A Motjha Palong proponent is extremely militant in thought and reasoning while being disciplined and diligent in the proactive execution of tasks. This priceless dynamism has been lacking, almost non-existent, in the congress movement (Mass Democratic Movement) since the dawn of democracy and as a result the class of 2021 suffer unproductivity leading to a stubbornly stagnant GDP, an ever growing Gini coefficient and thus an unsurprisingly an unemployment rate of 74%. Militancy carried out in the interest of youths and community at large is measured and is precise in meeting challenges given rise as a result of poverty, inequality and unemployment. Misguided militancy in the name of “radicalism” and pseudo exuberance of youth should at all times be guarded against, identified and exposed as nothing but opportunistic efforts for one’s self endorsement. Discipline and diligence are among the characteristics of a proponent listed in the conceptualisation document; on these aforementioned characteristics we dare not compromise as their implication may be the expansion or breaking point of Motjha Palong.


Unwavering on matters related to principle and morality, a Motjha Palong proponent is firmly fixed on the objectives determined in the conceptualisation document. Firm as s/he may be, s/he maintains fluidity when challenges come about requiring creative spontaneous action. Reaching the heights of his/her wits’, a Motjha Palong proponent is never one to shy away from digging deep in exploring solutions to societal ills.

Youth Led Communities?
Communities are an expression of a collection of households and all complexities as well contradictions that exists within them. It is often said that the house hold is the basic unit in any given society; I would argue that that’s not the case, and that individuals are indeed the building blocks of society. We have already examined the type of individual deemed suitable to lead a community- a Motjha Palong cadre- now let us explore the various sectors of society presided over by that highly distinguishable and capable youth.
A class of 2021 cadre needs to be able to accurately locate his/her strengths and/or weaknesses in relation to the centres of power that govern our day to day lives. Surely, there exists among us many comrades with multiple rich portfolios in terms of skills and knowledge; the task of communities, i.e. masses, is thus to select the best young people within each terrain of struggle to lead its transformation.

What is a terrain of struggle? These are, in simple terms, the many sectors within a community that make up society as we know it. Education is a terrain of struggle, the business sector is another terrain, public transport, policing, health, political organisations, administrative & political offices from municipalities right up to national governments are some of the many terrains a Motjha Palong cadre needs to advance the NDR.
Once a Motjha Palong cadre with the highlighted traits comes to the fore, it becomes the community’s responsibility to nature and allows that particular individual to thrive in any given sector. The masses within a community/sector need also to familiarise themselves with the work that would be carried out by the selected individuals. In other words, the masses need to collectively understand the mandate and essence of Motjha Palong as a programme towards social upward mobility.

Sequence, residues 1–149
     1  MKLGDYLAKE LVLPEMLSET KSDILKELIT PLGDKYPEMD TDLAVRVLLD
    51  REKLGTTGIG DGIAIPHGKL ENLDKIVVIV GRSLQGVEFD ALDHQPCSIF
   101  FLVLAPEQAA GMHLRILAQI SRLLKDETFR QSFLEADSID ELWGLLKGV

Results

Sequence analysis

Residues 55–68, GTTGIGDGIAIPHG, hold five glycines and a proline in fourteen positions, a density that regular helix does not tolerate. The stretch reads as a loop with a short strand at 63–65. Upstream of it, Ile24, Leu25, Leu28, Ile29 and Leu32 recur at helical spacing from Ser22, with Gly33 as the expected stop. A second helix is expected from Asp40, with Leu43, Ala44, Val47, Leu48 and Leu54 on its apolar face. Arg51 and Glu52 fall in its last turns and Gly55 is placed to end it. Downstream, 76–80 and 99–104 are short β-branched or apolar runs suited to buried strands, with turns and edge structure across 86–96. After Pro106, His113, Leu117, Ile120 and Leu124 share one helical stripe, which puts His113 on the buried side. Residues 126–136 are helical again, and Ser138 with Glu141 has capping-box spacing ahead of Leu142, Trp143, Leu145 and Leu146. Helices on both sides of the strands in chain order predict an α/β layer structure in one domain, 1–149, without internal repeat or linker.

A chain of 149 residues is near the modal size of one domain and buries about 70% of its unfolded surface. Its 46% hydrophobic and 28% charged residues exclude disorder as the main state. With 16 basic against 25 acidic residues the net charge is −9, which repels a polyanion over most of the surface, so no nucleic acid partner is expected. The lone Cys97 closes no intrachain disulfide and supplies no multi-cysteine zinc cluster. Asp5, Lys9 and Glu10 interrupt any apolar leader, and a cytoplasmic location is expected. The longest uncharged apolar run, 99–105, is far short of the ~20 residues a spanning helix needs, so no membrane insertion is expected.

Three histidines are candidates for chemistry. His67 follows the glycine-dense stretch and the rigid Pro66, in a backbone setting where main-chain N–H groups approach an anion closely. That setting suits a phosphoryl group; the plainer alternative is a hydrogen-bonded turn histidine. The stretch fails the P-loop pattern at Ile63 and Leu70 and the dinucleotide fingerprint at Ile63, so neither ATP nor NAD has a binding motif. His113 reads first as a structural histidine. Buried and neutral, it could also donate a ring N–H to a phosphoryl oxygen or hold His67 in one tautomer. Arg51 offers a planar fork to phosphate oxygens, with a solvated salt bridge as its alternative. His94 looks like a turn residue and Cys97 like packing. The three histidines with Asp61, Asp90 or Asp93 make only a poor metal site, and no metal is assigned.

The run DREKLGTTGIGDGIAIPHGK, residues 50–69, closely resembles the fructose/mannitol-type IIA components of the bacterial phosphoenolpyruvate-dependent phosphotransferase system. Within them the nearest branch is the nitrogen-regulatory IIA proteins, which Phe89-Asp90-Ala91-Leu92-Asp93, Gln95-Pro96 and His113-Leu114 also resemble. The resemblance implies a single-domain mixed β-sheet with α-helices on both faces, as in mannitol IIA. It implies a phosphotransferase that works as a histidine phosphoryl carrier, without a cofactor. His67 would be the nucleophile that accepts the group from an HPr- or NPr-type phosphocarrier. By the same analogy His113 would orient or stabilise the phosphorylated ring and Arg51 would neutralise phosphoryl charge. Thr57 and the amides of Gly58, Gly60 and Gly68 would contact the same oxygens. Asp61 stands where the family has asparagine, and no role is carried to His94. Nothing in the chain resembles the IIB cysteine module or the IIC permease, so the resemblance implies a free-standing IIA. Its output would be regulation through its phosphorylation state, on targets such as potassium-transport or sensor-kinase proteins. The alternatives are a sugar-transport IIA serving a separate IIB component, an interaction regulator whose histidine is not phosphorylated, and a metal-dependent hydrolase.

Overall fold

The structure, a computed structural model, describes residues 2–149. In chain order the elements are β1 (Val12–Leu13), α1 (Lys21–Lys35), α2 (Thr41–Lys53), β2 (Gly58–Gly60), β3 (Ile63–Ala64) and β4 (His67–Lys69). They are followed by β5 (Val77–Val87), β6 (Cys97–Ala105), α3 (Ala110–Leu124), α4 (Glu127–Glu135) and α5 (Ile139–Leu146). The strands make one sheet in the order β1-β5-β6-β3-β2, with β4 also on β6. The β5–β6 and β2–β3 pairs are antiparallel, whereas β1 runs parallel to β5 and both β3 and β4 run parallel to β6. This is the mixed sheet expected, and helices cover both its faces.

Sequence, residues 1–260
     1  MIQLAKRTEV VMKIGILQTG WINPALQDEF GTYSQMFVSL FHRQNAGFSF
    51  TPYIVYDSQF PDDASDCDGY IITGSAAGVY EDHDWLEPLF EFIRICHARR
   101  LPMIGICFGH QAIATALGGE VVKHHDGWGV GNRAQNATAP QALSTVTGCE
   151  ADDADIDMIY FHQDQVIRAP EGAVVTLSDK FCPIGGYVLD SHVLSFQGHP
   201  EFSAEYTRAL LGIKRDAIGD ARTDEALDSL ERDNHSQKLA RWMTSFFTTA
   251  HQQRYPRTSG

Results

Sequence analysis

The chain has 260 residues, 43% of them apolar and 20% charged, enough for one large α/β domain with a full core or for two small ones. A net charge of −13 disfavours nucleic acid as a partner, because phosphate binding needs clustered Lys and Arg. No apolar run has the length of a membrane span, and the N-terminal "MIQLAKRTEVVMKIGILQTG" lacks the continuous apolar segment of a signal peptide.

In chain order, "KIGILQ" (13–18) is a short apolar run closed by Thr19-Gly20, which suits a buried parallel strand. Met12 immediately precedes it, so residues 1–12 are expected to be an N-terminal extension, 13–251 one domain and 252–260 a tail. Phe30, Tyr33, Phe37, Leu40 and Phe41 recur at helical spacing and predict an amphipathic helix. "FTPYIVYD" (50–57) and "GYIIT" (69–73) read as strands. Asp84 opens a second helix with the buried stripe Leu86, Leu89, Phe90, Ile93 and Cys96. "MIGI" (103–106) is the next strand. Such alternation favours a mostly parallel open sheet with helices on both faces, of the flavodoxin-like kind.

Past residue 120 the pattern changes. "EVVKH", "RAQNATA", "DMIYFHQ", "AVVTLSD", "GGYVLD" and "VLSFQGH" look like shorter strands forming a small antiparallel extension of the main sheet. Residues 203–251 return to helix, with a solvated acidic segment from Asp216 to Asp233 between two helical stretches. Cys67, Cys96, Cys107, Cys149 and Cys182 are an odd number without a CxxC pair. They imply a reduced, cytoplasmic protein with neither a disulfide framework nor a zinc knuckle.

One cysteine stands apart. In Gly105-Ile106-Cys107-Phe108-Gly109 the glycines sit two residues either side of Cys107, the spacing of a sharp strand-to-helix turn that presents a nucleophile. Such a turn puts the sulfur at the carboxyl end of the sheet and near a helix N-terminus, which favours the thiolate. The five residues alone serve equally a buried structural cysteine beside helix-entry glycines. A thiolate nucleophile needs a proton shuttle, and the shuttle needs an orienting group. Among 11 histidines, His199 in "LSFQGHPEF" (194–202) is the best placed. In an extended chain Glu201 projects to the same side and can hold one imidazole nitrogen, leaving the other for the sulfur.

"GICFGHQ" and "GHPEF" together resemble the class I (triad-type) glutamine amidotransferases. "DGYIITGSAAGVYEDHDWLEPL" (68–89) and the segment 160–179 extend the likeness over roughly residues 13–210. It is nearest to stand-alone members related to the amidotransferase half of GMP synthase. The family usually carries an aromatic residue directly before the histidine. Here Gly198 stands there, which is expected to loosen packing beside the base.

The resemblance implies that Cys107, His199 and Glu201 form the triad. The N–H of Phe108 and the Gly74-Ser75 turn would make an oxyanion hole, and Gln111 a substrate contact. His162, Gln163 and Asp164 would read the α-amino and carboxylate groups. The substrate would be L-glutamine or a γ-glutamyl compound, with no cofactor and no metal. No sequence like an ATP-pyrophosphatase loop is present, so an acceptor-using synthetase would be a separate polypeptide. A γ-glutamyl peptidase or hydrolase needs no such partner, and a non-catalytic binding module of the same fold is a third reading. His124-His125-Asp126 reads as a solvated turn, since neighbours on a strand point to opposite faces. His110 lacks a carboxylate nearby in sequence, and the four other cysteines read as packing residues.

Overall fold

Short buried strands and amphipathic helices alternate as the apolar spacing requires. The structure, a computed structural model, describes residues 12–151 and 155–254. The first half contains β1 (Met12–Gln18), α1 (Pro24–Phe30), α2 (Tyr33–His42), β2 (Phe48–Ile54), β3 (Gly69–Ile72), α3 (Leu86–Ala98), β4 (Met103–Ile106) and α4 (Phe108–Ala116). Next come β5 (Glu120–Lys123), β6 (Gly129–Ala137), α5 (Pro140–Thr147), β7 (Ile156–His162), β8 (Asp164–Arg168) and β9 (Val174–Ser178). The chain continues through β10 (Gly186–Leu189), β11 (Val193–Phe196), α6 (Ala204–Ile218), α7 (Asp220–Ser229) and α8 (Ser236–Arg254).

It is thus very important for the masses to educate themselves in relation to Motjha Palong. This is so because when every individual understands the concept it becomes easy to develop programmes specific to a sectors in order to drive transformation as a collective unit with the “proponent” (Motjha Palong cadre) being the most advanced in that sector/community.

A conscious community empowers itself to play an oversight role to those deployed by them, it is conversant with the basic running of a sector to which their Motjha is deployed. It understands the strategic call for “freedom in our lifetime” and accepts Motjha Palong as an advanced level or turning point to the realisation of this objective.

A wise community does not shun away generational mix in its advancement of the NDR. It notes the presence of highly progressive individuals within all age groups and harnesses their collective brilliance in the interest of transformed sectors giving rise to poverty alleviation, job creation and cultural advancement.
Having noted the above, it is perhaps important to admit that age cannot be a barometer of leadership qualities or the lack thereof. Yet history teaches us that it is mostly YOUNG people at the forefront of many social revolutions. Most recently, and often overlooked, are the situations in Britain and the USA; where young people in majority elected to sway the course of those nations in unexpected trajectories, i.e. Brexit and the election of Donald Trump.

The Motjha Palong document also sites modern-day examples where young people took the lead in agitating for change. Other more notable cases and individuals are:
 Thomas Sankara- led a revolution in Upper Volta in 1983 and became the 1st president of Burkina Faso aged 33.
 Muammar Gaddafi- initiated and led coup that deposed imperial powers aged 27 and later became president of Libya at 35.
 Patrice Lumumba- 1st prime minister of the DRC aged 35.
 Fidel Castro- became a prime minister of Cuba aged 29 after the overthrow of the Batista dictatorship.
 Pixley Ka Isaka Seme and Sol Plaatje- only 32 & 37 years of age respectively when they and other (older) comrades formed the South African Native National Congress.